I’ve always wondered why anyone would ever choose to become a teacher. The endless paperwork, pushy parents and unruly children all made me think of teaching as an extremely unappealing job.
But after I had the opportunity to teach at the Computer Engineers of the Next Generation (CENG) Summer Academy, my mindset toward teaching changed dramatically.
From Aug. 6 to 10, I gave coding lessons to young kids at St. Athanasius Church in Mountain View, a program organized by CENG. CENG ran two classes at the same time – one for younger students and one for older students. A fellow club member and I were responsible for developing the curriculum and leading the lessons for the younger students.
At first, the task appeared extremely daunting. Creating a week’s worth of coding curriculum and figuring out a way to keep a class of 15 first- to third- graders interested in the lesson seemed impossible.
We decided to create curriculum centered around LightBot, an educational online game for learning coding concepts. To keep our younger audience engaged, we split the learning portion of class time into two 30-minute coding sessions to help them stay focused. We also rotated them through different stations and added breaks, fun games and several arts and crafts projects.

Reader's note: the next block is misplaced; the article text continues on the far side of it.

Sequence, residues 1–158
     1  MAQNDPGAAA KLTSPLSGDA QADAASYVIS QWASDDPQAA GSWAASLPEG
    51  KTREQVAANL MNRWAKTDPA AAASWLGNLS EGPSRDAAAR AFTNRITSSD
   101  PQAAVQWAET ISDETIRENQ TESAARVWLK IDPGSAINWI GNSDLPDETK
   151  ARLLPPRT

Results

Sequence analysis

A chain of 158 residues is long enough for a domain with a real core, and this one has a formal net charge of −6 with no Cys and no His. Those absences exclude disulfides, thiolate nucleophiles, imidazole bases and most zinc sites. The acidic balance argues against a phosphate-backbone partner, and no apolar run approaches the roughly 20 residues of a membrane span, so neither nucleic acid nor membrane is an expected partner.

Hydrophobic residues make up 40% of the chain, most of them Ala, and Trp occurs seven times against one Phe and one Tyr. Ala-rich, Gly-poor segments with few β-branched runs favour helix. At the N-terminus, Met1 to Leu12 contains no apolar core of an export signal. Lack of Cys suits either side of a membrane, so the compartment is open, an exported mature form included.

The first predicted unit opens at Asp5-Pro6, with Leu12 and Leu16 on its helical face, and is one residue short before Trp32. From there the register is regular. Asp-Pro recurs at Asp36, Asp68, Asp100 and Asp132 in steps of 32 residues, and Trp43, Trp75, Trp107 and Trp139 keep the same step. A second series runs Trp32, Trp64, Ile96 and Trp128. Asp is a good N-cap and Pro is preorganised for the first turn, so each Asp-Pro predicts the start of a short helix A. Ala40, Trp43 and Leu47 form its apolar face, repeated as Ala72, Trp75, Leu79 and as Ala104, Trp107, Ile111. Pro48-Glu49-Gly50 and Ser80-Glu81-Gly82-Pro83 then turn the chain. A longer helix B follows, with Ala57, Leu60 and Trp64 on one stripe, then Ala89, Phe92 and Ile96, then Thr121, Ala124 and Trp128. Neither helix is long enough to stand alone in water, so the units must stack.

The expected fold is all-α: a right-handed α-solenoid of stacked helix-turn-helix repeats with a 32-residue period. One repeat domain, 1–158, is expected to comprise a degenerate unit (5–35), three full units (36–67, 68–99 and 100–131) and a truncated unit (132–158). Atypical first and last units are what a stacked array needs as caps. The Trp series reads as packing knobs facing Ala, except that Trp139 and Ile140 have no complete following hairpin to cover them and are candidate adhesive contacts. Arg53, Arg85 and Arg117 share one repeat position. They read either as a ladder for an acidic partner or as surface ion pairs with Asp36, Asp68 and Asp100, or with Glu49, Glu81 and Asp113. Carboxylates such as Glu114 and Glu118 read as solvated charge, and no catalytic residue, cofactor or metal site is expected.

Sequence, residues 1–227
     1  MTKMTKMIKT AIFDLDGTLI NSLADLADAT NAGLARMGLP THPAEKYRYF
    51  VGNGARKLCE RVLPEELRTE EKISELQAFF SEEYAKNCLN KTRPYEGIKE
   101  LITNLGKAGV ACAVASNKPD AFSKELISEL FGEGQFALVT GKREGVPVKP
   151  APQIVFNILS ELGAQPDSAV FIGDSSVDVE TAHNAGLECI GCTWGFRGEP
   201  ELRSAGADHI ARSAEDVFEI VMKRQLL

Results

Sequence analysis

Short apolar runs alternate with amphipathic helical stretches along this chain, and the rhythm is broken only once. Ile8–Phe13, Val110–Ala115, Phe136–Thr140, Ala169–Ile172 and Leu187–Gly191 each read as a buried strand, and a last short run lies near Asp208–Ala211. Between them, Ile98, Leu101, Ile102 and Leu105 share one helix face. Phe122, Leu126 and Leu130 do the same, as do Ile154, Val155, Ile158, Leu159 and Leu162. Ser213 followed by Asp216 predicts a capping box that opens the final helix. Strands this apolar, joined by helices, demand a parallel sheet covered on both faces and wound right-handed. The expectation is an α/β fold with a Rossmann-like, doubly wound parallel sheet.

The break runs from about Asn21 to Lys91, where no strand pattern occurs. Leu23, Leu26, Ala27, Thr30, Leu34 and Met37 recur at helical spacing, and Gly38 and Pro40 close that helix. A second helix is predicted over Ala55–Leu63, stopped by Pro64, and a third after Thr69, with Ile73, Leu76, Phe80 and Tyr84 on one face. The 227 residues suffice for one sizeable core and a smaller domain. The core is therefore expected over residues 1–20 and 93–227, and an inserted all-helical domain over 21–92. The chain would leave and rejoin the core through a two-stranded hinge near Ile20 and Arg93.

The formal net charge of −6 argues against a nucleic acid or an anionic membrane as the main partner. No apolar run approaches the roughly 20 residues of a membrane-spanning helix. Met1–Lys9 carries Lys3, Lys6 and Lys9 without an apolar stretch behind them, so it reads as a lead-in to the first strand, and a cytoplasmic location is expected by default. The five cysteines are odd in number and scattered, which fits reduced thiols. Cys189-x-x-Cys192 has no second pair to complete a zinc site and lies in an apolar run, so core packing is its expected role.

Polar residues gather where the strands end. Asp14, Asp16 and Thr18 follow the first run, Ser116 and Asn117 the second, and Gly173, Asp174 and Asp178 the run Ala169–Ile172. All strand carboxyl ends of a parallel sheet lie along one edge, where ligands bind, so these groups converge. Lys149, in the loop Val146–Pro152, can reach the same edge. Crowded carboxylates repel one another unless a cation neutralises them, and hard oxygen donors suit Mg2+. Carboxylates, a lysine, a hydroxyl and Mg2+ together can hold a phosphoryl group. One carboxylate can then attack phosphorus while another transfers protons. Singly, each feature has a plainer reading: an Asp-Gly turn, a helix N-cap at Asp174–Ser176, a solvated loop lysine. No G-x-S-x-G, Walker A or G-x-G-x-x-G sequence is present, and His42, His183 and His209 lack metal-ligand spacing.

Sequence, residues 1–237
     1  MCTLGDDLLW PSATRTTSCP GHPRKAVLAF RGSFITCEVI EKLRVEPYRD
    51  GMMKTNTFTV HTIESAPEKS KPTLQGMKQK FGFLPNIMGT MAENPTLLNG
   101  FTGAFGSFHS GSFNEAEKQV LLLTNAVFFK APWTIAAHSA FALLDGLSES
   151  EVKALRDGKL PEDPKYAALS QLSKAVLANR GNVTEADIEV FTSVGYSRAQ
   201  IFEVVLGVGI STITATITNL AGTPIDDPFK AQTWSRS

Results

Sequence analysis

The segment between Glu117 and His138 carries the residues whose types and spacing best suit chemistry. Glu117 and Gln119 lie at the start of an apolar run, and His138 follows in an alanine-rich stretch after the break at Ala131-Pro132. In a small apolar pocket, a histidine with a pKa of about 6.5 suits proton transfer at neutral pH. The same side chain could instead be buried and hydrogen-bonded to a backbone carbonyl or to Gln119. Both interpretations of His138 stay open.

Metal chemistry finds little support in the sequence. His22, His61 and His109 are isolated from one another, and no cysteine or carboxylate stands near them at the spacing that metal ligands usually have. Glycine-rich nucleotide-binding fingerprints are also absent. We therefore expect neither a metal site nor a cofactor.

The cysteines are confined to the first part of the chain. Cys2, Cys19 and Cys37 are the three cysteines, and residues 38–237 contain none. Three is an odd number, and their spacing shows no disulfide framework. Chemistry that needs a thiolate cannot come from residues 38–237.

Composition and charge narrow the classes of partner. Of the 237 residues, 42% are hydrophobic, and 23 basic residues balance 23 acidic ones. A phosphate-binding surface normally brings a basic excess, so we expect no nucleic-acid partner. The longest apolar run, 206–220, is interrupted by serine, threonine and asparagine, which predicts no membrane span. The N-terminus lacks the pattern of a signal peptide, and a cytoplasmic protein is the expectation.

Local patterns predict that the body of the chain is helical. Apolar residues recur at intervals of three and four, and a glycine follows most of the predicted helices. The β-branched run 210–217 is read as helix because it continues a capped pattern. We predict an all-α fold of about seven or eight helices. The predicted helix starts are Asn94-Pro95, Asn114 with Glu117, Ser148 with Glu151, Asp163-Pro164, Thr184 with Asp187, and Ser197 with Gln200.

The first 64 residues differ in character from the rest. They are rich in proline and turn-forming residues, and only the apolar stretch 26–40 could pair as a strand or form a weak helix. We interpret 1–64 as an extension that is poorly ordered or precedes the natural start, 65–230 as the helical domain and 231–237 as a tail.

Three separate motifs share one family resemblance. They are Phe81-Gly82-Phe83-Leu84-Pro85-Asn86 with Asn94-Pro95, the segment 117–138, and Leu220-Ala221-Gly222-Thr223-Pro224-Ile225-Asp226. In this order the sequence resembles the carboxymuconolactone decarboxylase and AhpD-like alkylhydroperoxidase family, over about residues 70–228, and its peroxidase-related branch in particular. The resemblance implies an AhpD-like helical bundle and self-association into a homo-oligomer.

Although at first I was unsure about how much I would enjoy teaching coding to kids, by the end of the week I was extremely sad that the CENG Summer Academy was over. Teaching a class full of young, enthusiastic students was one of the most fulfilling experiences of my life.
Every student came to class eager and prepared to learn. Watching each student improve his or her coding skills and grow as a learner was extremely rewarding. When CENG Summer Academy ended, each student left the classroom a better thinker, problem solver and coder.
For more information, visit cengclass.org.
Isabella Borkovic, a junior at Los Altos High, is treasurer of CENG.